- A number of in vitro methods were used in the OECD Testing Program to assess manufactured nanomaterials, however, many in vitro data reported were not generated using OECD TGs;
- A number of in vitro endpoints have been assessed, but a full set of in vitro assays for a specific manufactured nanomaterial is not available;
- The existing in vitro TGs have not been used extensively (g., skin sensitization and irritation);
- There are many inconsistencies and omissions within the dossiers related to the use of existing OECD TGs, representation of dose and dose metrics, physico-chemical parameters assessed, consideration of manufactured nanomaterial interference with assay parameters, and protocols used, including inconsistencies in reporting;
- Characterization of manufactured nanomaterials in in vitro conditions (g., in culture media) and cellular uptake have not been reported; and
- No in vitro data based on TGs have been reported for nanoclay and dendrimers and no in vitro cytotoxicity data has been reported for silver and nanoclay within the Testing Program.
The report identifies the following potential next steps:
- Based on TG 428 and the reported studies, there is no apparent limitation in the application of the TG 428 to manufactured nanomaterials. Some critical factors for the evaluation of skin absorption tests with nanomaterials were not addressed in detail in these studies, however, and might need to be further explored. Applicability of TG 431 (In Vitro Skin Corrosion: Reconstructed Human Epidermis Test Method) should be further discussed;
- Applicability of TG 437 (Bovine Corneal Opacity and Permeability Test Method) should be further discussed. Literature findings indicate that nanomaterials can aggregate/agglomerate in the suspension or can absorb the dispersant and the dye, causing possible artefacts. Also, some nanomaterials present in opacity measurements may affect the result;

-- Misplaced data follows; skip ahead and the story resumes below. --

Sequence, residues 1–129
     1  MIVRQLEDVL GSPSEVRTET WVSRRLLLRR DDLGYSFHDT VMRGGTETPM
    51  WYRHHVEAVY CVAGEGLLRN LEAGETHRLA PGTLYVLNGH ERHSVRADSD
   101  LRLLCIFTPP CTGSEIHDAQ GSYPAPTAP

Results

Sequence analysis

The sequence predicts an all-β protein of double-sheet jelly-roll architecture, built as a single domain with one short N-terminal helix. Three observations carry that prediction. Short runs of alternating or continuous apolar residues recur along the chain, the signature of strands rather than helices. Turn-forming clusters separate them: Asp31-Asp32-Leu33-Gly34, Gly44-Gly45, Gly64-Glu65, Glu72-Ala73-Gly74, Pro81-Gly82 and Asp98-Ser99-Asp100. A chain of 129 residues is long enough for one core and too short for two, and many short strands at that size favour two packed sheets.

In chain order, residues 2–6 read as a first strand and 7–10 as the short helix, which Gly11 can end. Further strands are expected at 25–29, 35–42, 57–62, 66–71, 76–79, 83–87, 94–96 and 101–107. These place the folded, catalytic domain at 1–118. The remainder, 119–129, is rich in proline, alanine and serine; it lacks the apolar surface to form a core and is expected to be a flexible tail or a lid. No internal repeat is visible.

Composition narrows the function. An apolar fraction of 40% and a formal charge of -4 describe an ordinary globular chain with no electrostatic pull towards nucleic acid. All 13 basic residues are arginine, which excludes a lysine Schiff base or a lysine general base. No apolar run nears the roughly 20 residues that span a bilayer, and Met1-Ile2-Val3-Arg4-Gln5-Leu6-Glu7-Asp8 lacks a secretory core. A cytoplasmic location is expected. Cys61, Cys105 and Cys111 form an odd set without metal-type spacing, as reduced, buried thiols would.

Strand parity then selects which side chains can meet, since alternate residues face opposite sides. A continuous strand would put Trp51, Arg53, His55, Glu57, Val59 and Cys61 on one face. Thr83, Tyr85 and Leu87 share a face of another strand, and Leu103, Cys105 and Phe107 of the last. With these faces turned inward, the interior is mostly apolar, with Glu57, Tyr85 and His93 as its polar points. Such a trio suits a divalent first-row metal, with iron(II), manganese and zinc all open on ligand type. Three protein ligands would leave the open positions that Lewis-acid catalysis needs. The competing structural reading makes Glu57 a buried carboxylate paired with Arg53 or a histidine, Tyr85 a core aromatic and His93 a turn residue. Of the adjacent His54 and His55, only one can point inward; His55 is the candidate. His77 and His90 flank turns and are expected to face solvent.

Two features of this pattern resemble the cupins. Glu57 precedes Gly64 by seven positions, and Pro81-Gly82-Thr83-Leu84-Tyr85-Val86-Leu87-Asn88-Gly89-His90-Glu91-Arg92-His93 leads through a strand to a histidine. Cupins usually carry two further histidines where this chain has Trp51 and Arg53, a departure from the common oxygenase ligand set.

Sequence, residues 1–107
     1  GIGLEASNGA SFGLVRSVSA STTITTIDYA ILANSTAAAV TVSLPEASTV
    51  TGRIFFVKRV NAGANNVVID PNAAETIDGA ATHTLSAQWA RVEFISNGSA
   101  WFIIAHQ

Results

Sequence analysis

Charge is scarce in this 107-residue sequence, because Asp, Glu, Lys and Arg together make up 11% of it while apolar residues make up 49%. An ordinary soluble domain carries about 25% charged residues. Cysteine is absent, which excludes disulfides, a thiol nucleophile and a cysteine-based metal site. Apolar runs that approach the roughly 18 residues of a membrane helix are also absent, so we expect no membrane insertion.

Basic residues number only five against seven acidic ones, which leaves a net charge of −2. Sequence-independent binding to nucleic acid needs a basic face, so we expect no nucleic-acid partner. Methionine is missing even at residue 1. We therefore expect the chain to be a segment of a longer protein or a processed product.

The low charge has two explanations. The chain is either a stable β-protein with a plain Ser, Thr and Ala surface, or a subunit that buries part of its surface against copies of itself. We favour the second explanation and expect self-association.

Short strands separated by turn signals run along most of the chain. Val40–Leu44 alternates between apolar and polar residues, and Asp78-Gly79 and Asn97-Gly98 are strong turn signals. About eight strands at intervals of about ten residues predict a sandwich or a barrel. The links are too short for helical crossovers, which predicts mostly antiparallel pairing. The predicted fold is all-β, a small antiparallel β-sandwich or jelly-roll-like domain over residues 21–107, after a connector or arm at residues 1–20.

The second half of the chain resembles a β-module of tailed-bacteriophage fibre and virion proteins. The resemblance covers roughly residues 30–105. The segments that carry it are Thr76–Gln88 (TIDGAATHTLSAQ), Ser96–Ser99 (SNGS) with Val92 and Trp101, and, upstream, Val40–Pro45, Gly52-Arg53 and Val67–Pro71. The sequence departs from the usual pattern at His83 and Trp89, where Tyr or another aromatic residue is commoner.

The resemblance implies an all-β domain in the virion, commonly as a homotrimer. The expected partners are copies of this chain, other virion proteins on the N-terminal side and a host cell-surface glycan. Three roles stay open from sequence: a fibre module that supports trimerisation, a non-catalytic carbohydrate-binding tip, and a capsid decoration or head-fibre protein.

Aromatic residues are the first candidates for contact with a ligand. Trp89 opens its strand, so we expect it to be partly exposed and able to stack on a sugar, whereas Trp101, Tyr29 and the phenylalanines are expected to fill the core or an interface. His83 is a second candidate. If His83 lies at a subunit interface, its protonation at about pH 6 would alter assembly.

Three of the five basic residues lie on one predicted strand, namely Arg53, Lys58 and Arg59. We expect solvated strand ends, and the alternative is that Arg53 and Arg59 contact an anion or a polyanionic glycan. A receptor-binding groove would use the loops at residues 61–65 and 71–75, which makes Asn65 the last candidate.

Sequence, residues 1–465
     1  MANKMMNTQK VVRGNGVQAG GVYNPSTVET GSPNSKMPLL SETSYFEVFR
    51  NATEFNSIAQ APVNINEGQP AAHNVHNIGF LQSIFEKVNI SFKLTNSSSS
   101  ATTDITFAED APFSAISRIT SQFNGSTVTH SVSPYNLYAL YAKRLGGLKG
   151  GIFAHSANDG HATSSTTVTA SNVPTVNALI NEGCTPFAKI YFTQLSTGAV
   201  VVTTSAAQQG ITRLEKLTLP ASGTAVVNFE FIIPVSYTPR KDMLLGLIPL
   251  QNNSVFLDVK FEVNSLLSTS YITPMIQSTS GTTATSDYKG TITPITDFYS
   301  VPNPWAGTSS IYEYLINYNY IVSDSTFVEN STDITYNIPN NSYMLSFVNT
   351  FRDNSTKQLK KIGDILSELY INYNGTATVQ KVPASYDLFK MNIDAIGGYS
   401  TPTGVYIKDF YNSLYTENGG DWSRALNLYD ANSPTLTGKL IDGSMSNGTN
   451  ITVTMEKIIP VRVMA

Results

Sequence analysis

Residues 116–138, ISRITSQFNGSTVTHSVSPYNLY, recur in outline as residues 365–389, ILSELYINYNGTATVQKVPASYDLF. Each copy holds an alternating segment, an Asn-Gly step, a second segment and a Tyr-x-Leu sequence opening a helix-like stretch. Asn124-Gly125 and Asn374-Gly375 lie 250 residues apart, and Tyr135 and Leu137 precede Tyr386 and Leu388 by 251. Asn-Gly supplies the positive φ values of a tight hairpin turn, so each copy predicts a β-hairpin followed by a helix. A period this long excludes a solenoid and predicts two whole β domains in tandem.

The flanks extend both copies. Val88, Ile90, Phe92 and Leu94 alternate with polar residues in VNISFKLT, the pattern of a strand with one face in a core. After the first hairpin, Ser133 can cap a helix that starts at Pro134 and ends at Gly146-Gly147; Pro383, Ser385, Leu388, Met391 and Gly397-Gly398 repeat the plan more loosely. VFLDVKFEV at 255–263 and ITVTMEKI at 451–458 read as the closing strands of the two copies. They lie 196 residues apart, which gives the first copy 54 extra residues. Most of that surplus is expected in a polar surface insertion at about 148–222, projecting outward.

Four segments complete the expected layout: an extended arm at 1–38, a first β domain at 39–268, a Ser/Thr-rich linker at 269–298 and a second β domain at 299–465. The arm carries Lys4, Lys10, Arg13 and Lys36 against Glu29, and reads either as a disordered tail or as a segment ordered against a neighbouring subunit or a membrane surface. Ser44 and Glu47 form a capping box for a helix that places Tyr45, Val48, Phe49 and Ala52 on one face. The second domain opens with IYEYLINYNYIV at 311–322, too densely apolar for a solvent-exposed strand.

- TG 471 (Bacterial Reverse Mutation Test) may be amended with the acknowledgement that it is not applicable for most types of manufactured nanomaterials (no uptake into the bacteria);
- Modification of TG 487 (In Vitro Micronucleus Assay) should be considered to include specific recommendations regarding addition of cytochalasin B when testing manufactured nanomaterials and the verification of intracellular uptake of manufactured nanomaterials;
- Since several genotoxicity assays were applied in the Testing Program, it might be most efficient to consult the expert group on genotoxicity to prioritize the assays for further harmonization; and
- In addition to the work that is currently underway at the OECD Working Party on Manufactured Nanomaterials (WPMN) and International Organization for Standardization (ISO) Technical Committee (TC) 229 to develop standards and guidance for some cytotoxicity assays, the Testing Program should consider evaluation and further development of the assays that are routinely used to test manufactured nanomaterials. For instance, the assays used to determine the potential of manufactured nanomaterials to cause oxidative stress and those used to assess endpoints specific to immunological implications of exposure to manufactured nanomaterials.